B. Toxicity is an Inherent Characteristic of a Substance
1. The dose makes the poison
c. Skin Absorption
a. Metabolic breakdown of substance
C. Which Toxic Substances Are the Most Hazardous? Why?
1. Heavy Metals and Synthetic Organic Compounds
3. Ease of Absorption
Fig. 20.2 At each step or in transportation between steps, wastes, byproducts, or the product itself may enter the environment, causing pollution and creating various risks to human and environmental health.
Fig. 20.3 In halogenated hydrocarbons one or more hydrogen atoms has been replaced by halogen atoms (chlorine, fluorine, bromine, iodine). Such compounds are particularly hazardous to health because they are nonbiodegradable and they tend to bioaccumulate. Shown here are tetrachloroethylene and 1,2-dibromo ethane.
II. Management of Hazardous Wastes
A. Output Control ("command and control" technology: What is done after the pollutant
has been produced?)
1. Deep-well Injection
2. Surface Impoundments
B. Input Control (Pollution Prevention)
2. Elimination of Use
3. Increased Efficiency
4. Closed Loops
Fig. 20.5 The concept is that toxic wastes may be drained into dry, porous strata below ground, where they may reside harmlessly "forever." However, as the figure shows, failures can occur and allow the liquid wastes to contaminate groundwater.
Fig. 20.6 The supposition is that only water leaves the impoundment, by evaporation, while wastes remain and accumulate in the impoundment indefinitely. In reality, this method is subject to failure, and is limited today as a short-term measure.
Fig. 20.7 Precautionary measures to make landfilling safe are listed. Before the 1980s, these measures frequently were not taken. Though they are taken today, potentials for failure remain.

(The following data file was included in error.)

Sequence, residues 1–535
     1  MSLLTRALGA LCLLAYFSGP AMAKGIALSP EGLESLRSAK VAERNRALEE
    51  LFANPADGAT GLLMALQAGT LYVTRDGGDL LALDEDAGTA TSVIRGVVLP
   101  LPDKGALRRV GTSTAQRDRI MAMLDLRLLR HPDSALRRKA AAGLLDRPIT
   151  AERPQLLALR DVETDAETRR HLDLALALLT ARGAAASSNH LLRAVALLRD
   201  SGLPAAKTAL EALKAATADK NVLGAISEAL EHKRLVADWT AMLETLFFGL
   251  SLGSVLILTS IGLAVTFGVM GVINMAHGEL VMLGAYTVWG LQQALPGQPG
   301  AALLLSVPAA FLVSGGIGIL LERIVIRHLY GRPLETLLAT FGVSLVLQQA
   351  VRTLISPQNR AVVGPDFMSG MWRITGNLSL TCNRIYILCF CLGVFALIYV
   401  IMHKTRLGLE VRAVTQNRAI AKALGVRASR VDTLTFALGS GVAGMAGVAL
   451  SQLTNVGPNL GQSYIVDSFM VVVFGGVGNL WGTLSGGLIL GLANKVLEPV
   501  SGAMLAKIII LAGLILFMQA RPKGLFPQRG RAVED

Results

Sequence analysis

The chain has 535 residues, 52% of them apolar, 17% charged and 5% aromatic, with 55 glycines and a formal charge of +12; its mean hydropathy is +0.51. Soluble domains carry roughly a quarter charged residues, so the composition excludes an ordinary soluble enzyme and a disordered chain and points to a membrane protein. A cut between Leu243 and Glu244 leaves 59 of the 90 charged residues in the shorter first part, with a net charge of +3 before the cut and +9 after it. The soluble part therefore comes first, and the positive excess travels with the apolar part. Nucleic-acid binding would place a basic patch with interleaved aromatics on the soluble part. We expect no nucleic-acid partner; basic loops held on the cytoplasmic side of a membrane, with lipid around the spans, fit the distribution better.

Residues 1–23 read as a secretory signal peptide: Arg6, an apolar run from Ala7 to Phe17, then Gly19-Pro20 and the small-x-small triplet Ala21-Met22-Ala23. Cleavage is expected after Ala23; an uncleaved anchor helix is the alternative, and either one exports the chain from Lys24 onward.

III. Cleaning Up Waste
A. What Do We Do with the Hazardous Waste Sites?
1. Excavate and bury elsewhere
2. Biodegradation on site (bioremediation, phytoremediation)
3. Steam clean soil
4. Groundwater remediation
B. How Well Has Superfund Worked?
1. Evaluating Superfund
Fig. 20.10A Typical subsurface contamination from a leaking fuel tank at a gas station.
Fig. 20.10B After leak repair, vacuum extraction causes gasoline in the soil and the water table to evaporate and removes vapors.
Fig. 20.10C Contaminated groundwater is pumped out, treated, and returned to the ground.
IV. How Do We Reduce Accidents and Accidental Exposure/
A. Underground Storage Tanks UST Legislation
B. Transportation Department of Transportation Regulations
C. Worker Protection OSHA, Worker's Right to Know
D. Community Protection SARA, Title III
E. Chemical Evaluation Before Use TSCA
A. Pollution Prevention and Sustainability
B. Industry Effort
C. Government Efforts
D. Individual Efforts
Fig. 20.12 A cement kiln is a huge, rotating "pipe," typically 15 feet in diameter and 230 feet long, mounted on an incline.
Fig. 20.13 Numbers in place of the word on the placard, or on an additional orange panel, will identify the specific material. Placards alert workers, police, and firefighters to kinds of hazards they face in the case of accidents.
Fig. 20.14 These major laws protect workers, the public, and the environment from hazardous materials.
Fig. 20.15 During communism in the former USSR environmental concerns took a back seat to economic development.